data regarding the reliability and validity of the STAI-Y. In this study, the commercially available STAI-Y scale was purchased with no warranty or assurance from the company regarding the quality of translation, and no validation data are available. In view of this, our aim was to investigate the psychometric properties of an adapted Arabic version of the STAI-Y6,18 in Saudi adult dental patients. Methods. Research design and study sample. This cross sectional study distributed the prepared Arabic version of the STAI-Y to a convenience sample of adult patients who were attending the dental clinics at the Faculty of Dentistry, King Abdulaziz University Hospital, Jeddah, Saudi Arabia, for treatment. Patients attending were mostly Saudis, with varying socioeconomic status. Ethical approval and a waiver of informed consent were obtained from the Ethical Committee of the University, Jeddah, Saudi Arabia. The study was conducted between May 2015 and October 2015, following the principles of the Declaration of Helsinki. All patients were also provided with a brief explanation of the study by the author before participating in the study. The patients were asked to complete the questionnaire in the waiting area prior to their dental appointment. Demographic data including age, gender, and frequency of dental visits were also reported by the participating patients. Sample size was calculated a priori for factor analysis using a ratio of 20:1 (participants to items). Assuming 20 items would be included in the model, the minimum required sample size was 400 patients.19 Both males and females between the ages of 18 and 70 years were allowed to participate in the study. Our target sample size was 400 patients. Of the 400 patients, 4 refused to participate. Eight questionnaires were incomplete and were excluded from the study. A total of 387 questionnaires were included in analyses. Questionnaire. The STAI-Y6 consists of 40 items, split into 2 multiple choice subscales of 20 items each. The first questionnaire measure states anxiety (S-anxiety), consisting of questions that address how respondents feel at the moment, including items that measure subjective feelings of calm, tension, apprehension, nervousness, worry, and other questions that assess autonomic nervous system activity. State anxiety scale items are rated on a 4 point Likert scale (1 = not at all, 2 = somewhat, 3 = moderately so, and 4 = very much so). The second subscale measures trait anxiety (T-anxiety), on how respondents generally feel, using items that measure general states of calmness, security, and confidence. Items were rated on a 4 point Likert scale (1 = almost never, 2 = sometimes, 3 = often,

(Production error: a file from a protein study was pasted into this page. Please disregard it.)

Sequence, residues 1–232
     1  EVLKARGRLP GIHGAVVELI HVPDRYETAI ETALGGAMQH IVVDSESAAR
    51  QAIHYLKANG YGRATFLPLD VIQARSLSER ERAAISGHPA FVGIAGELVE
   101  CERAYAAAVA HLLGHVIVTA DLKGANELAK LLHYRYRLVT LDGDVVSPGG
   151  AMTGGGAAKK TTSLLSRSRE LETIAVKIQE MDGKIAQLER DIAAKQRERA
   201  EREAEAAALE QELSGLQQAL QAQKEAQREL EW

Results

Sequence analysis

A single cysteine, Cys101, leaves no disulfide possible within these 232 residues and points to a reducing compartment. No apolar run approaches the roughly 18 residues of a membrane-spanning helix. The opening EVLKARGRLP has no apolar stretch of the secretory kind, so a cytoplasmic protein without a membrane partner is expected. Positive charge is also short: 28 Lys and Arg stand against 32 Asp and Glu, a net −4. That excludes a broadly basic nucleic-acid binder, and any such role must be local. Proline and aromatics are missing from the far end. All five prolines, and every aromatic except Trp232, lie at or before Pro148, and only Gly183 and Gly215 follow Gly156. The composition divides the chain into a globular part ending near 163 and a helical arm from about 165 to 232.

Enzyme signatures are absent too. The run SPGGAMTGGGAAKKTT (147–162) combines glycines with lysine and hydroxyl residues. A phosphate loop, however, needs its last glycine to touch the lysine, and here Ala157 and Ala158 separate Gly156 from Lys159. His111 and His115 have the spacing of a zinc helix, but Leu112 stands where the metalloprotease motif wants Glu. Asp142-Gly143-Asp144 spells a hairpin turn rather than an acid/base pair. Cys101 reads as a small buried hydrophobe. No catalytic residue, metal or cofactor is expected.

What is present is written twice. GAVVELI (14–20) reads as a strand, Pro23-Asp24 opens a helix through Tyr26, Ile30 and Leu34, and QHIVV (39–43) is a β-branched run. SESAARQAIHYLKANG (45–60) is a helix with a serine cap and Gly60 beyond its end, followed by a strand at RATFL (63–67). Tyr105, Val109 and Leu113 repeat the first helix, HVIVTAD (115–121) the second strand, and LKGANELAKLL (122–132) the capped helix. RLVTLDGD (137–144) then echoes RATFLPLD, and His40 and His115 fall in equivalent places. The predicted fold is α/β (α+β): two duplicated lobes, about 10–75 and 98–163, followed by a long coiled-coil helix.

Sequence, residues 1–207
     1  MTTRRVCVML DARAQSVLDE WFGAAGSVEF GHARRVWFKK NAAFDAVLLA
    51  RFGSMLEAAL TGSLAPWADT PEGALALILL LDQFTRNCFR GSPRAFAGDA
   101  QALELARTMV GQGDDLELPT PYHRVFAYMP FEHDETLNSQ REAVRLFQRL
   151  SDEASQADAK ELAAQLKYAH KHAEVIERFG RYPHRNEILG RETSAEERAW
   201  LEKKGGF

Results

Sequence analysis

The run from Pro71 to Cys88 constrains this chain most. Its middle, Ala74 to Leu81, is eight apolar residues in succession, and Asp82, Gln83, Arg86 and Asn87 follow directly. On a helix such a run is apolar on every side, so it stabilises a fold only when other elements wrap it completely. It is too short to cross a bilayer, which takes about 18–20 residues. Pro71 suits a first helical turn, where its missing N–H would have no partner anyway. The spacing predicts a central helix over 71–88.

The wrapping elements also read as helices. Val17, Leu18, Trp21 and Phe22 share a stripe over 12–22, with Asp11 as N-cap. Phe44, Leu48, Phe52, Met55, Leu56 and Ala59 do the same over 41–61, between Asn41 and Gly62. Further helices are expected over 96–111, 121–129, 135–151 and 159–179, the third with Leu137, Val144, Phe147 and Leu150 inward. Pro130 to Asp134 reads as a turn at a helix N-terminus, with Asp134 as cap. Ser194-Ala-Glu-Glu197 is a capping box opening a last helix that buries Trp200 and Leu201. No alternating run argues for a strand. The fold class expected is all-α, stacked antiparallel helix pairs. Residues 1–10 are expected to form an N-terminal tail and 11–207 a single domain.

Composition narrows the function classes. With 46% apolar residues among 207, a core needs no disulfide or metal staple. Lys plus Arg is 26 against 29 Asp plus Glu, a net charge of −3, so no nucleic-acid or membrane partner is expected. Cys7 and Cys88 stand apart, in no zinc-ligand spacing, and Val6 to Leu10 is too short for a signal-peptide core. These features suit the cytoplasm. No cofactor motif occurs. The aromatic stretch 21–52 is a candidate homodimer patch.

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Validity and reliability of Arabic STAI-Y ... Bahammam
and 4 = almost always). The total STAI-Y score for each subscale (S-anxiety and T-anxiety) is the addition of response scores for the 20 items, and ranges from 20-80, with higher scores indicating greater anxiety. We followed the test adaptation procedure recommended by Spielberger and Sharma.20 The commercially available Arabic translation of the STAI-Y (Mind Garden, Menlo Park, CA, USA) was evaluated and revised to assess the quality of Arabic translation and to culturally adapt the scale to Saudi dialect, so as to provide a final set of items that were compatible with Saudi culture. This revision was completed by 2 bilingual experts in dentistry, for whom Arabic was their native language. Both were fluent in English. Those items for which there was an agreement between the translators were subsequently piloted in an Arabic speaking Saudi population, to assess the difficulty of answering the questionnaire. The pilot group consisted of a convenience sample of 50 patients attending the dental clinics. The patients were interviewed while they were completing the questionnaire, to evaluate the clarity of the content. Final adjustments were made to the questionnaire before formally testing its psychometric properties. To assess concurrent criterion validity, we used the Arabic version of the Modified Dental Anxiety Scale (MDAS)21 and anxiety ratings made using a visual analogue scale (VAS),22 where 100 referred to extreme anxiety and zero denoted not at all anxious. For the MDAS, the patients were asked to report their anxiety level in response to 5 scenarios. Responses were chosen from 5 possible levels of anxiety, from 1 (not anxious) to 5 (extremely anxious). Statistical analysis. The Shapiro-Wilk test was used to assess the normality of STAI scores. As the distribution of STAI scores was not normal, latent variable analysis with a robust maximum likelihood (MLM) method was used in FACTOR software version 9.2.23 The root mean square residual (RMSR) was used as the indicator
of model fit. The cutoff value for an acceptable model fit was RMSR ≤0.05 (Factor 9.2 software, Rovira i Virgili University, Tarragona, Spain). We examined the factorability of the dataset using the Kaiser-MeyerOlkin (KMO) measure of sampling adequacy and Bartlett’s test of sphericity. Known-group validity was tested by comparing STAI scores among groups using the Mann-Whitney test (in case of 2 groups) or Kruskal-Wallis test (for 3 or more groups). In the case of a significant Kruskal-Wallis test, multiple comparisons among groups were performed using Dunn-Bonferroni tests. Criterion validity was tested based on correlations with the MDAS and anxiety VAS scores. Convergent and discriminant validity were examined via Spearman’s rho correlations within and between items and totals for cases where state trait anxiety was absent and cases where it was present. Concurrent criterion validity was tested using the correlations with the MDAS and VAS. Reliability was calculated as ordinal alpha reliability. Data were analyzed using IBM SPSS 20 (IBM, Armonk, NY, USA). A p-value